Mr. Gareth R. Thomas (Harrow, West): My hon. Friend will not be surprised to hear me say that I agree with much of what he has said. I encourage him to suggest to the Committee some further work on the narrow part of the subject that we are discussing. It is time now for the Committee or some other body in the House to study seriously the merits of compulsory voting.

Tony Wright : If my hon. Friend will bear with me, I will make some remarks on that subject in a moment.

Many explanations have been made for the collapse in local and national participation, and I shall not detain hon. Members by listing them all. They range from universal contentment to universal discontent, and we could take our pick. Some seem more useful than others. On the whole, people vote more when elections matter more. If people think that an election does not matter, they will not vote. Evidence shows that there was a 10 per cent. higher turnout in the 100 most marginal seats than the 100 least marginal seats.

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One of the most telling explanations was given in a letter that a gentleman—he was not a constituent of mine—sent to me the other day. People write to us to sound off and tell us what they think on various issues. He made a litany of complaints about his life. The health service was not working for him, there was crime in his neighbourhood and his neighbourhood was changing in character. He could list all kinds of things that were wrong with his life and with society. He ended by saying, "And you expect us to vote?" That was quite profound, because he really meant, "You expect me to bestow legitimacy on you when you are not making my life better."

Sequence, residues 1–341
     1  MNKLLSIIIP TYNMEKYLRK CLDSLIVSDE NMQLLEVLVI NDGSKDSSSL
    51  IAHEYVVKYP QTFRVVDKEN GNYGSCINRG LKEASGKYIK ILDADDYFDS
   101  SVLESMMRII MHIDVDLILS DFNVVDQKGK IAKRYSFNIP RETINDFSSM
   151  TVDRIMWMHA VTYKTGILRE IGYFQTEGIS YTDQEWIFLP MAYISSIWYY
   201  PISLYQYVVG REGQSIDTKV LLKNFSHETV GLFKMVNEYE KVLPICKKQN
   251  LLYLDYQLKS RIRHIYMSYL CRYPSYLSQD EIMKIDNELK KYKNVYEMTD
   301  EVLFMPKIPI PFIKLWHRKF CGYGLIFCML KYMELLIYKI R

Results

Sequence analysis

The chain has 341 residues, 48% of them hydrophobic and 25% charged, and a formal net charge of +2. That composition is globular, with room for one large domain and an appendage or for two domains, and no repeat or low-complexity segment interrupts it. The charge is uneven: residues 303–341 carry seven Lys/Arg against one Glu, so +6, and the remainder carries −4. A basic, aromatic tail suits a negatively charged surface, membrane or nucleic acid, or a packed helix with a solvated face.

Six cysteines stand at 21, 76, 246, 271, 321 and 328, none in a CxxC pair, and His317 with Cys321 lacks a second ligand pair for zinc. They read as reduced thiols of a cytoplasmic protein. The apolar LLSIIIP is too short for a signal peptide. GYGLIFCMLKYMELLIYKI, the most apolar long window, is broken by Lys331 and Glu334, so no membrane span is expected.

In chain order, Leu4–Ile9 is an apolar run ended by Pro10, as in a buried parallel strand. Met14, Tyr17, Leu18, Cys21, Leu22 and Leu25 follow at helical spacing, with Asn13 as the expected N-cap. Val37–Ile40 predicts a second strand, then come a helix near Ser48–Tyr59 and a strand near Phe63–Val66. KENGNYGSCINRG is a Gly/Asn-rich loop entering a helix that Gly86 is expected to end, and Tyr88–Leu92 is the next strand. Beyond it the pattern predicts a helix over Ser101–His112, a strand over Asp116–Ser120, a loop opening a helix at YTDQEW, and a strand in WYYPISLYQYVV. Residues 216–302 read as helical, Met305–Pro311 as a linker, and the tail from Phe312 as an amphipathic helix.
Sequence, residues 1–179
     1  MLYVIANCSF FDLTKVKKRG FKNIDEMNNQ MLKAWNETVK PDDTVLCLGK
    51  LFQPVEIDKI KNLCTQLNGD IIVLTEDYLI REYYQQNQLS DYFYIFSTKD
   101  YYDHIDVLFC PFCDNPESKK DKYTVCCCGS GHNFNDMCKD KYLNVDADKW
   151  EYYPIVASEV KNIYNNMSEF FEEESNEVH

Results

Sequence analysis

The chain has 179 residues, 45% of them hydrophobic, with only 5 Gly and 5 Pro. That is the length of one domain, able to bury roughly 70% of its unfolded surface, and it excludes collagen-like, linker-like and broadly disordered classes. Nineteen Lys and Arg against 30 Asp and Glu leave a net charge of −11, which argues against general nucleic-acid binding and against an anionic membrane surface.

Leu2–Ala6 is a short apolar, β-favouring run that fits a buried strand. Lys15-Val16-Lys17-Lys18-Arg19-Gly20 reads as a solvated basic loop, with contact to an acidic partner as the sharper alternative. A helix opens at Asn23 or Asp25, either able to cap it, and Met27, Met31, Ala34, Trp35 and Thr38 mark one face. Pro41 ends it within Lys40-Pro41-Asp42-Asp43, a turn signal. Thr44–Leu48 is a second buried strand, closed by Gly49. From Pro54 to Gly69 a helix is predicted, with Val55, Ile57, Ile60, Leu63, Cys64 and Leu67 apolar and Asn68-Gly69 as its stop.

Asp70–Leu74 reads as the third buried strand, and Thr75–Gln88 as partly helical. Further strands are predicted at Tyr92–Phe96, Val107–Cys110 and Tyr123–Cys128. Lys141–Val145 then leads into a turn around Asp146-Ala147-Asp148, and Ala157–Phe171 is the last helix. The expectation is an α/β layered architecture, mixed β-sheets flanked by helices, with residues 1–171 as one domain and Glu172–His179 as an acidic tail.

This is not a narrow partisan political point. I am talking in a rather general way. If people feel that politicians are not making their lives better, and that they can do nothing about their circumstances, the act of voting becomes a legitimising act that they are not prepared to bestow on the system. They were prepared to do that, perhaps, when they were motivated by civic duty and thought that they simply had to vote. However, such people are disappearing. We must put the argument to new kinds of people who will vote and legitimise the system only if they think that it is doing enough for them.